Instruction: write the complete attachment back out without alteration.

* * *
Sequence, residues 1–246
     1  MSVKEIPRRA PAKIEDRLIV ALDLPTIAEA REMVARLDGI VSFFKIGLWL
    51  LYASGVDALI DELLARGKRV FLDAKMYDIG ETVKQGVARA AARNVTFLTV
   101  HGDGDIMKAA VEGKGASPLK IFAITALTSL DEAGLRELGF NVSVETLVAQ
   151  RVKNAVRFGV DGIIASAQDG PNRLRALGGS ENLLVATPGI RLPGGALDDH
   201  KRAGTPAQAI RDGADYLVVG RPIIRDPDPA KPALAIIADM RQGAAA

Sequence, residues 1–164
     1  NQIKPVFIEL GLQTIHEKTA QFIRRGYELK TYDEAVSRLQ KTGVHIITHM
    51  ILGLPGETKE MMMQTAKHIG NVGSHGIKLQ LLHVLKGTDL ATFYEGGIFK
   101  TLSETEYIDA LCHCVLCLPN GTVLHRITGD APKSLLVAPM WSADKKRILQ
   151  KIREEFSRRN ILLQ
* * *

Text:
Sequence, residues 1–246
     1  MSVKEIPRRA PAKIEDRLIV ALDLPTIAEA REMVARLDGI VSFFKIGLWL
    51  LYASGVDALI DELLARGKRV FLDAKMYDIG ETVKQGVARA AARNVTFLTV
   101  HGDGDIMKAA VEGKGASPLK IFAITALTSL DEAGLRELGF NVSVETLVAQ
   151  RVKNAVRFGV DGIIASAQDG PNRLRALGGS ENLLVATPGI RLPGGALDDH
   201  KRAGTPAQAI RDGADYLVVG RPIIRDPDPA KPALAIIADM RQGAAA

Sequence, residues 1–164
     1  NQIKPVFIEL GLQTIHEKTA QFIRRGYELK TYDEAVSRLQ KTGVHIITHM
    51  ILGLPGETKE MMMQTAKHIG NVGSHGIKLQ LLHVLKGTDL ATFYEGGIFK
   101  TLSETEYIDA LCHCVLCLPN GTVLHRITGD APKSLLVAPM WSADKKRILQ
   151  KIREEFSRRN ILLQ